Wireless

Routine.  That’s how many of us make it through the day.  If it weren’t for routine, I’m sure I couldn’t force myself out of bed each day at 3:30 without an alarm.  What makes me stand on a street corner, often in the dark with wind chafing my neck or rain soaking my feet, waiting for a bus?  Routine.  Sitting before a computer all day in a windowless cubicle?  Routine.  One of the little joys in this regimented life is this blog where I can discuss academic topics or monsters, books or movies, things that are anything but routine.  But the blog is a creature of the internet.  Now that our lives revolve around it, what do we do when the internet is gone?  Interpocalypse.

Last night I arrived home to find our internet service had ended.  Knowing that my service provider is one bill I always pay, I had to call to find out what had gone wrong.  My panic-struck mind kept coming back to the same thing: how will I post on my blog tomorrow?  It may seem a small thing, a first-world problem, but it has become a matter of identity for me.  I’ve had to go overseas three times over the past four years for my jobs.  I’ve had to travel all around the United States to universities that would never consider hiring me.  Even with all this disruptive travel I’ve managed to post on my blog every day.  Holidays and weekends are no exceptions since my mind doesn’t take days off.  One of the first things I did when the power came back on after Hurriane Sandy, was post on my blog.  Now, I was cut off at the very ground of being.  Paul Tillich would’ve dissolved into tears.  Martin Luther would’ve thrown an ink pot.  My service provider walked me through dark corners of my basement and asked technical questions about blinking lights.  “We’ll have to send someone out tomorrow,” he grudgingly announced.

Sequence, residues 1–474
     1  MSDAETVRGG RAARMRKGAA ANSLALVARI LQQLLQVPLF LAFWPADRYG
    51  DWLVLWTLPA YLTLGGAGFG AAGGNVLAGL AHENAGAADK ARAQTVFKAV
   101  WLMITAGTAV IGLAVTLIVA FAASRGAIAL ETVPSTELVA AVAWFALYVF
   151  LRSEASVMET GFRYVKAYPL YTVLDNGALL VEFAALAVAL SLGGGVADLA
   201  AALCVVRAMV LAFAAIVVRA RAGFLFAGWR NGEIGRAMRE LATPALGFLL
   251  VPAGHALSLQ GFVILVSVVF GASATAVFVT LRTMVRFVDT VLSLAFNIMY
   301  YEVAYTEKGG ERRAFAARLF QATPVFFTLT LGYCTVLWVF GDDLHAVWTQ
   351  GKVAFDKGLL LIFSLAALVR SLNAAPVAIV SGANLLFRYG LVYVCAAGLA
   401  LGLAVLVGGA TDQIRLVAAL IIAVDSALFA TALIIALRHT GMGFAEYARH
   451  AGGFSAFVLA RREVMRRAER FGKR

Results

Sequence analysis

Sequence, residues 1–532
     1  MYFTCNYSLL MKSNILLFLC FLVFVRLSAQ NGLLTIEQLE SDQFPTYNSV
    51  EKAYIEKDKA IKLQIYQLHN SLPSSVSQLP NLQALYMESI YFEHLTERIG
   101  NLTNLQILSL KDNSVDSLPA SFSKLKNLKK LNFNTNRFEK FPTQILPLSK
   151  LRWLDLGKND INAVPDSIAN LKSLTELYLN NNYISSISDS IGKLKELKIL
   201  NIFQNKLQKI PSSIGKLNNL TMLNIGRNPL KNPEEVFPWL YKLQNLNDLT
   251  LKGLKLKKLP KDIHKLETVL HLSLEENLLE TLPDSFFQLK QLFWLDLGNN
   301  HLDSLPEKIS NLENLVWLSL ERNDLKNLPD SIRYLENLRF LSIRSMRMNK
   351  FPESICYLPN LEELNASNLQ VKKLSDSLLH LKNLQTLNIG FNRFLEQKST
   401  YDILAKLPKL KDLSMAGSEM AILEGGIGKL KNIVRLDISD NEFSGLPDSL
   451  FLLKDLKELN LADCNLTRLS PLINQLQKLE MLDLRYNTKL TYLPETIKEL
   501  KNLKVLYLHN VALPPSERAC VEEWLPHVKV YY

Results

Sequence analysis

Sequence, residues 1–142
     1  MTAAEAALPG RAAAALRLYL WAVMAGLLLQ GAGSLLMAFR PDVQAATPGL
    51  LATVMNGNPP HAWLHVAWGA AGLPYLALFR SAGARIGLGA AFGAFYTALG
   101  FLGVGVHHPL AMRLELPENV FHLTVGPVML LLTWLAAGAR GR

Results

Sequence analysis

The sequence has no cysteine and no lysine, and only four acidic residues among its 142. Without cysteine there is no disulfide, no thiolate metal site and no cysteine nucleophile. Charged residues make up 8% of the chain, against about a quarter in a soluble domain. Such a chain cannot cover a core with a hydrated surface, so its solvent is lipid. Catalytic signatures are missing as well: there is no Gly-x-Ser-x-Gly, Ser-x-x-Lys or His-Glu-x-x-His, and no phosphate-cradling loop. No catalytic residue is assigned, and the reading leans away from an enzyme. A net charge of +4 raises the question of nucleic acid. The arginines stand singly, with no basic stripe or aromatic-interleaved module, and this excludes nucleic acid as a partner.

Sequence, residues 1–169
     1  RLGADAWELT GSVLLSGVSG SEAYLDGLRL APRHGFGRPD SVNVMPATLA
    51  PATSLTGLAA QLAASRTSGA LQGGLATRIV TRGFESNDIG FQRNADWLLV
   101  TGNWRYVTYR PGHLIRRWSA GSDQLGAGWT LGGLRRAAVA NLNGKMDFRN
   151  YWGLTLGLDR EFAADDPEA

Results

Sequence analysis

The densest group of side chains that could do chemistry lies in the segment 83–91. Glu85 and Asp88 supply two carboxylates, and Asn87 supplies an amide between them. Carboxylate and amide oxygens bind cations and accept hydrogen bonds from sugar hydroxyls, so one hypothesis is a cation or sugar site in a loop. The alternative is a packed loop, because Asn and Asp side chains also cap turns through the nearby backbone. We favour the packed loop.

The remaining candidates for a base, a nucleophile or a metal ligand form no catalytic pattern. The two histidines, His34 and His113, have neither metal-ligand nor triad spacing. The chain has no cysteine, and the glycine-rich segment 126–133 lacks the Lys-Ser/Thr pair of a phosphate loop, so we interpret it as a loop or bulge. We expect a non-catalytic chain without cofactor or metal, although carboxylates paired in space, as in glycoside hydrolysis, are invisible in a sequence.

Tomorrow?  Is it possible before 3:30 a.m.?  I have a bus to catch—a routine to fulfill!  How am I to track my packages? Find out what the weather will be?  See just how few people read this drivel?  This little hiccup in daily existence has made me aware of just how vulnerable we are, at the mercy of the world of our internet avatars.  Pull the plug and it shuts off.  Twenty years ago, I barely checked email.  Today I don’t know how to pay bills without the internet.  I can’t fruitlessly show my wares—daily writing going on six years—I can’t impress all those people who don’t read my blog anyway.  Helpless, I stand before my router with its green Internet light firmly off.  I guess you’d call it mourning.  The death of a god is never an easy thing to behold.

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